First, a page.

it ain't what you don't know that gets you into trouble. it's what you know for sure that just ain't so.
The Divided States of America
After the election, understanding our differences can help us find common ground
We spent the last year asking who will win the presidential election, and likely spent this morning wondering how we got it all so wrong.
Countless pundits and journalists made predictions based on debate coverage and scandalous news stories, but it seemed to me over the last year that most of those were at best a little shaky (I mean who even answers a land line and responds to a person asking which candidate for which they plan to cast a vote), and at worst were incorrectly using “data” to back up an existing agenda. This is what leaves us all shocked by the results – they weren’t what the experts told us would happen.
But this isn’t just a problem for the political ring. It seems to be a problem that comes along any time there’s the combination of data and agendas.
It’s something I see even as a strategist at an ad agency, tasked with helping advertisers understand the average person. In fact, I can’t tell you how many times I walk into a conference room and hear “data” used to support personal or professional agendas about everything from how average people live, to what they believe, are even aware of, or care about.
This is inherently driven by the fact that, if you dig enough, data (whether in politics or advertising) can offer the answers you want to hear.
So a couple of years ago I got fed up with this reality, and created a research series called Understanding Average, with the primary goal to remove agendas from data (including my own). I wanted to stop using data to simply provide answers, and start using it to ask the right questions in the first place.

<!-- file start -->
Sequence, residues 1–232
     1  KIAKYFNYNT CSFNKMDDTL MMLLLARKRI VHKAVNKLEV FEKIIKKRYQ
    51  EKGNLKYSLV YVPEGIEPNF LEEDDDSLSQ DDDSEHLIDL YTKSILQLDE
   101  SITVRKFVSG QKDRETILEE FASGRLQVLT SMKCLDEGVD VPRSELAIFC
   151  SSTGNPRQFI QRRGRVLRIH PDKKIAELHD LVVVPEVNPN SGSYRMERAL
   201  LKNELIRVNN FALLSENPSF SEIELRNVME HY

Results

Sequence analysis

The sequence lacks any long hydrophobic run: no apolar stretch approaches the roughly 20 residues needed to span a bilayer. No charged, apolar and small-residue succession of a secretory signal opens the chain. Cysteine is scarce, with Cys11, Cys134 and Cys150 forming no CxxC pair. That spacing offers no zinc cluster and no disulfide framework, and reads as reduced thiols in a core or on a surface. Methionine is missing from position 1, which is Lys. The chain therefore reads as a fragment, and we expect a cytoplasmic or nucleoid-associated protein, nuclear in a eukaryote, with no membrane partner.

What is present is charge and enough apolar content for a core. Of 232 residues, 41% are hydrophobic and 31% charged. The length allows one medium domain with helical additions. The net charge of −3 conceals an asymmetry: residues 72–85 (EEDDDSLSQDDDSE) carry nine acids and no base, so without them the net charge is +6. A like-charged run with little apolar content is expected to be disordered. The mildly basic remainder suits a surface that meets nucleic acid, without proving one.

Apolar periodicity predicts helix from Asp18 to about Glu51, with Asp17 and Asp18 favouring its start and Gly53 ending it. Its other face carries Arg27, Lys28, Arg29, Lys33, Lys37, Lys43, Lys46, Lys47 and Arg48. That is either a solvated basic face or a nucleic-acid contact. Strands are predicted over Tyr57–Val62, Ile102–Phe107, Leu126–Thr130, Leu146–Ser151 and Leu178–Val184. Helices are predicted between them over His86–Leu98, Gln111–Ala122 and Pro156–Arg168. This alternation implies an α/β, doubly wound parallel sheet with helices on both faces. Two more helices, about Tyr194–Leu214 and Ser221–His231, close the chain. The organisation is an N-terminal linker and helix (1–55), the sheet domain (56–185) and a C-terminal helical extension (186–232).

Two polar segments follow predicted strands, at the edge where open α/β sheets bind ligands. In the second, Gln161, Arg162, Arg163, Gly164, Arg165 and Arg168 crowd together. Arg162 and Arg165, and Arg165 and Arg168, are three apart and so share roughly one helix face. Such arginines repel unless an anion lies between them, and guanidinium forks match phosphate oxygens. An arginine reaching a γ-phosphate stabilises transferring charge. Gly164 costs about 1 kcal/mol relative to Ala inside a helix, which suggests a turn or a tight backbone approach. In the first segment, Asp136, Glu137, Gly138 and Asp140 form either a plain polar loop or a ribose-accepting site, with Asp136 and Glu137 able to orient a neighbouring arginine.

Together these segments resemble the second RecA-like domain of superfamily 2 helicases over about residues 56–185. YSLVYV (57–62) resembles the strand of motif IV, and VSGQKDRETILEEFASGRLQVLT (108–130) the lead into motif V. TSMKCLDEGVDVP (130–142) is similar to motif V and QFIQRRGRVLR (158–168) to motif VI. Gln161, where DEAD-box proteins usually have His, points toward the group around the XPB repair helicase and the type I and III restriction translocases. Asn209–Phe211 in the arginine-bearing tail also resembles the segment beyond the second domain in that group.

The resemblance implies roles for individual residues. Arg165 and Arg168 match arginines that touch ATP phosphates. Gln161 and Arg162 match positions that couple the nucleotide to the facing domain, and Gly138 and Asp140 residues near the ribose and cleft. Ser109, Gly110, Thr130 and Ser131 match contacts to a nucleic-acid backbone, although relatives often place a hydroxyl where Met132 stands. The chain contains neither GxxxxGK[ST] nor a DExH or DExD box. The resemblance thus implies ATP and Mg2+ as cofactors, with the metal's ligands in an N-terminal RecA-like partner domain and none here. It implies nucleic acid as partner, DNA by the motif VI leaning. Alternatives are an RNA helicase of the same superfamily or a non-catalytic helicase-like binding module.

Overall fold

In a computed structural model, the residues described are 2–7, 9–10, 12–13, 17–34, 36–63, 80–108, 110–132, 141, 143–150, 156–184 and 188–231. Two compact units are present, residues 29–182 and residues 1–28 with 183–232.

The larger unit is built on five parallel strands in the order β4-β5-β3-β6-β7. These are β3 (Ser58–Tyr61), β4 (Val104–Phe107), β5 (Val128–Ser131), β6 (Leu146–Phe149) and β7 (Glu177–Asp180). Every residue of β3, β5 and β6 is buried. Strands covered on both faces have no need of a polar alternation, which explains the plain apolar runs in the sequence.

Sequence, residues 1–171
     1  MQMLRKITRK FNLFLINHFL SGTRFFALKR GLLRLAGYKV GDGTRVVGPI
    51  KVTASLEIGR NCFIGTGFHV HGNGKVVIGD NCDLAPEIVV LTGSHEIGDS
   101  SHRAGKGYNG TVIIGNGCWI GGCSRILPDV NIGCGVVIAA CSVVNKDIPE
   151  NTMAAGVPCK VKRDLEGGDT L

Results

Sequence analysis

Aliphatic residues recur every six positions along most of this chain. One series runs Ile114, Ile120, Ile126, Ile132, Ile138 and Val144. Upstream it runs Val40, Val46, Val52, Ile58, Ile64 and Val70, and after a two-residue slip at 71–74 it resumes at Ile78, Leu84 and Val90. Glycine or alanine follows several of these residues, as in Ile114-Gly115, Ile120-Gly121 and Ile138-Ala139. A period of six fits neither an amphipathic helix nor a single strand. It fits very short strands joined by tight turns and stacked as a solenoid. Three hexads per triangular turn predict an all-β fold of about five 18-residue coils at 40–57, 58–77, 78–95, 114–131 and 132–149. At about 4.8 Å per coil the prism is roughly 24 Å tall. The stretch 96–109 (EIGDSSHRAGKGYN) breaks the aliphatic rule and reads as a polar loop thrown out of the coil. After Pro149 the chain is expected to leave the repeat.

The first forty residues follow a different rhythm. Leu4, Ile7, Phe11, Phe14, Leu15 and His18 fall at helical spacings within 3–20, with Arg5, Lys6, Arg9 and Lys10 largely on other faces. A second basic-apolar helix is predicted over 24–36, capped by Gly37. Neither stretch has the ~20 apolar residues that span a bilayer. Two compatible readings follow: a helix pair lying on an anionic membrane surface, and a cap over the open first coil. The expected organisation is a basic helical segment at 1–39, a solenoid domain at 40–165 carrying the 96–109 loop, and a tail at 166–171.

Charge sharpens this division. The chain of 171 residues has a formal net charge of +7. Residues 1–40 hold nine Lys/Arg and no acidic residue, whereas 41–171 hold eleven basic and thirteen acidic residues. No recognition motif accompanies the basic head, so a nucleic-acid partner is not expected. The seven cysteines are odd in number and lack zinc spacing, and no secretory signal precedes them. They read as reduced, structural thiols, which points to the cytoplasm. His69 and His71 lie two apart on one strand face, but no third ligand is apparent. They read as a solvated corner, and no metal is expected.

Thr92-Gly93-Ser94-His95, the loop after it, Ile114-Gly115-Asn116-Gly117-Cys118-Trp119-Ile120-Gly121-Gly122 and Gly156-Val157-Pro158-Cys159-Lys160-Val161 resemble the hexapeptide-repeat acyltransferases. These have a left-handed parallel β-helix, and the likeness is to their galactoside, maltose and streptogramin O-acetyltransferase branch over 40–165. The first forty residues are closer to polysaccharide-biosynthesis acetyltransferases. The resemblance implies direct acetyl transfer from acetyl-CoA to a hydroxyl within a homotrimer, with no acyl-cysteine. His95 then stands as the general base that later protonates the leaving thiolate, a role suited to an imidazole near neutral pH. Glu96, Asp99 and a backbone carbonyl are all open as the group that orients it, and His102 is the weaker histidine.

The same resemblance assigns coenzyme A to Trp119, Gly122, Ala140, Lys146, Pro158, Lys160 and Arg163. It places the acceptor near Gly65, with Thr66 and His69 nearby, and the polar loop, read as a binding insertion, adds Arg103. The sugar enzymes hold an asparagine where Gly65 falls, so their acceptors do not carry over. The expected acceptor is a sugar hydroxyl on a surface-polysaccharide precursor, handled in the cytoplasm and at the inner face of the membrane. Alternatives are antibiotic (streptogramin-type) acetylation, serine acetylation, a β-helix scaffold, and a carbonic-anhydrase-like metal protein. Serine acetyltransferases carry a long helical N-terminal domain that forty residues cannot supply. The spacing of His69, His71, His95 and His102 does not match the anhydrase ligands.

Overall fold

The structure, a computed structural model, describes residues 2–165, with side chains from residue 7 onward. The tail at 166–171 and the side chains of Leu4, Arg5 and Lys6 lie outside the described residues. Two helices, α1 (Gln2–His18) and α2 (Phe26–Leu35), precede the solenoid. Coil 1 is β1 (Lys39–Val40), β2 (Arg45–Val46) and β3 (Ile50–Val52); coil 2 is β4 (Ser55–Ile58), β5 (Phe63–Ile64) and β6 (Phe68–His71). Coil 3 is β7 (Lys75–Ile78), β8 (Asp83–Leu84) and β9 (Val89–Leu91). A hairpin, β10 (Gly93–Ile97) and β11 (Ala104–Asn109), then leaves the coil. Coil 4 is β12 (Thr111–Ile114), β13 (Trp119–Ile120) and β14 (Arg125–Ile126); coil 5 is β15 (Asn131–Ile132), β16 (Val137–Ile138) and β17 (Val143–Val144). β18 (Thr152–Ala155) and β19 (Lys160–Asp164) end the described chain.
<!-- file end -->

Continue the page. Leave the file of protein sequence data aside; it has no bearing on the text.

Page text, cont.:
I started by looking at 1,100 Average Americans – I looked at where and how they live, what they think about trends and food and media and brands and yes, even politics.
As I was combing through the results, I started to see a big divide. In fact, I discovered there’s no such thing as the Average American because the United States is made up of two very different Average Americans. First the group I call Top 10 Average: the 32% of people living within the counties of top 10 media markets by population (New York, Los Angeles, Chicago, Philadelphia, Dallas, San Francisco, Boston, Washington, D.C., Atlanta, and Houston), and the second group called, Middle Average: the 68% of people living outside those areas. In hindsight it looks very much like the election results maps we saw last night – pockets of blue counties in densely populated cities, and a vast tapestry of red counties making up all the places in between.
This divide between two Average Americans shows that we aren’t really a United States after all – in opinions, priorities, or even lifestyle. And this can really help explain what happened last night, and what will continue to happen in politics, especially as campaigns and elections feed upon our differences and inspire arguments rather understanding and progress.